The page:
Kegs, beer bottles, growlers and wine bottles all mark an important closure to the initial phases of the brewing process. From here the steps are just as crucial, however they come with their own challenges and equipment.
There are many factors in determining the path for you. For example, the price of bottling compared to kegging can be much lower. You can recycle bottles, and simply purchase a capper and some caps. This method generally involves using some priming sugar to build the pressure and the bubbles in the bottle after it has been capped. Although priming sugar is not necessary if you are going from something already pressurized...such as a keg! The reason you may be choosing both kegs and bottles is for storage reasons, or maybe even for gifting.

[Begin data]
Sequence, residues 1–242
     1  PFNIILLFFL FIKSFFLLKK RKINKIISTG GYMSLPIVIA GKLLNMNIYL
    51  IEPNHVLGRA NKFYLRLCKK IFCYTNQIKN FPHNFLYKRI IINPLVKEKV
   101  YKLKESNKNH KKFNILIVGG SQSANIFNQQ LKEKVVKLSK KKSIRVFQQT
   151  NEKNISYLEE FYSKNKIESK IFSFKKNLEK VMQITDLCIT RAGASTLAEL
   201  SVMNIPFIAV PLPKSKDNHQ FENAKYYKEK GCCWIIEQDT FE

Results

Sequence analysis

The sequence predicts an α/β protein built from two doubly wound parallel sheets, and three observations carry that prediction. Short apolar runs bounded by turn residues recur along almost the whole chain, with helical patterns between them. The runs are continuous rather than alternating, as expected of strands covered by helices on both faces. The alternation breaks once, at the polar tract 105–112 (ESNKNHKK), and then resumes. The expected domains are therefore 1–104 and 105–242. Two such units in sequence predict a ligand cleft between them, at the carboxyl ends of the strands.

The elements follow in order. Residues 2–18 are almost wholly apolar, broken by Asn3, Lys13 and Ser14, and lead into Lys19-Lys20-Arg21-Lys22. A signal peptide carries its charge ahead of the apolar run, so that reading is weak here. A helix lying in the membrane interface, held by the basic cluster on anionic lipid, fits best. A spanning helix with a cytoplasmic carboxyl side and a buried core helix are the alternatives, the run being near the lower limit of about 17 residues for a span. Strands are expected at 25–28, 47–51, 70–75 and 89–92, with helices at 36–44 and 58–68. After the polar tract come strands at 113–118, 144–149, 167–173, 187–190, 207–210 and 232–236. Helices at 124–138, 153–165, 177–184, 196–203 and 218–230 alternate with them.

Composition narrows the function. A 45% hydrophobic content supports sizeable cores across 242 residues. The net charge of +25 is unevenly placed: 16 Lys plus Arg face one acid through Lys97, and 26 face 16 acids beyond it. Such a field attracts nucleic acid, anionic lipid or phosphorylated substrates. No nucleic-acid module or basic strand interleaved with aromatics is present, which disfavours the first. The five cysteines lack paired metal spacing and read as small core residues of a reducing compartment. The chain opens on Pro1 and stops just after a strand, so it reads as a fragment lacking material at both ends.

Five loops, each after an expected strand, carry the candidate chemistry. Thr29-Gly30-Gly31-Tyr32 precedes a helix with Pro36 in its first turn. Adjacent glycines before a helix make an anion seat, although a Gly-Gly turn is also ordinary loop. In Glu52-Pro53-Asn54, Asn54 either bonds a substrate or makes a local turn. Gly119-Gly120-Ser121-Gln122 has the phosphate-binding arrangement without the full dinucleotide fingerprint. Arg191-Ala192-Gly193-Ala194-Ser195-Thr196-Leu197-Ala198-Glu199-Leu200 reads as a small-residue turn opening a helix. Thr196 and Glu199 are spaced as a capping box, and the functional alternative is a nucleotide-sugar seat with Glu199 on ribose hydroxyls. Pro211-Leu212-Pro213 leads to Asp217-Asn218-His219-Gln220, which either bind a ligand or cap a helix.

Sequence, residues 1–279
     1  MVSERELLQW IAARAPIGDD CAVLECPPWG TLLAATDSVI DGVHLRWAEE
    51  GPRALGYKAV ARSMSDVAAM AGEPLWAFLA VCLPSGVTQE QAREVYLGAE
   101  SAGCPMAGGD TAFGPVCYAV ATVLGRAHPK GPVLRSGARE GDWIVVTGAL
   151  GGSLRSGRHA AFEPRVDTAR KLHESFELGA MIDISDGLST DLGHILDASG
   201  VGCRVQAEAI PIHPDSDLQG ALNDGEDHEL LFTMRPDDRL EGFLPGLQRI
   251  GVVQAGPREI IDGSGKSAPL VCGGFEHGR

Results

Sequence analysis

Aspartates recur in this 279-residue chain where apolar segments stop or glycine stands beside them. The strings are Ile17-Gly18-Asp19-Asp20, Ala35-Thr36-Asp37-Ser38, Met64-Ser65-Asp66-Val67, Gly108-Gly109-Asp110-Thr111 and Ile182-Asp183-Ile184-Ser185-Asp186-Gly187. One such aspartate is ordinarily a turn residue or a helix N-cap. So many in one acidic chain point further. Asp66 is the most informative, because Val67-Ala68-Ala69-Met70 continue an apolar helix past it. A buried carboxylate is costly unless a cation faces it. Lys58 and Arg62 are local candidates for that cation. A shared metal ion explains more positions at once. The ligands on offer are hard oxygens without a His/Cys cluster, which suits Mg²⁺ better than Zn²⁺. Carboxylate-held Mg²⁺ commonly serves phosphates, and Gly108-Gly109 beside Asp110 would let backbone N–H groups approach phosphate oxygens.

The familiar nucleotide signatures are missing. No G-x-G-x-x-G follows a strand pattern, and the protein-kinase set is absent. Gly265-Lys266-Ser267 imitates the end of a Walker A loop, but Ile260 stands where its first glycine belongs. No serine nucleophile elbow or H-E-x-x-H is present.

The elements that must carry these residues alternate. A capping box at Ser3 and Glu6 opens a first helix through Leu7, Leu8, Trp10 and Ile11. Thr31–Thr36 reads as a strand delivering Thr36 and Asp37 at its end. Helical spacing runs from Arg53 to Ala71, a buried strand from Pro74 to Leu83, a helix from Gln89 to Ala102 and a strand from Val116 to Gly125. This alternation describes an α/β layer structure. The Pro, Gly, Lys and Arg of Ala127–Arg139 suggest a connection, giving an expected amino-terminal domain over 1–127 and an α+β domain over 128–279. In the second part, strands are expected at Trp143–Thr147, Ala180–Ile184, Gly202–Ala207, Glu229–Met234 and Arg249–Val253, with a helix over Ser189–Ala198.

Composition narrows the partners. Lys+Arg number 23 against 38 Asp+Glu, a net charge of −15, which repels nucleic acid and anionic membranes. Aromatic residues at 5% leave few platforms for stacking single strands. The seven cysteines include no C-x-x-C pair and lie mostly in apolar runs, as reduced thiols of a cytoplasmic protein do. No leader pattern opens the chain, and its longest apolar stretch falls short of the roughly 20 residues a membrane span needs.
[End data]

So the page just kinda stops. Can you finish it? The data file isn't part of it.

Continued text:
One more important factor to consider with bottles is the color of the bottles. Light is beers enemy. That is why any beer that might have a shelf life is bottled in green or brown bottles. Clear bottles will not keep out the light, and therefor are a poor choice
Kegs on the other hand certainly require less steps, however it requires some more capital as far as expenses go. CO2 tanks are used to pressurize (note you can also use priming sugar for carbonation), and you have the investment in the kegs. Cornelius kegs are a common method, and very easy to store and transport. You can get very inexpensive tap systems as well. These types of kegs are not the only ones available. The only requirement besides being able to stay clean is that you can seal it with pressure. 15.5 Gallon kegs can easily be converted with some welding experience.
These are not all of the considerations but lay some of the groundwork. Its very possible that you end up with both bottles and kegs in your beer room, refrigerator or kegerator.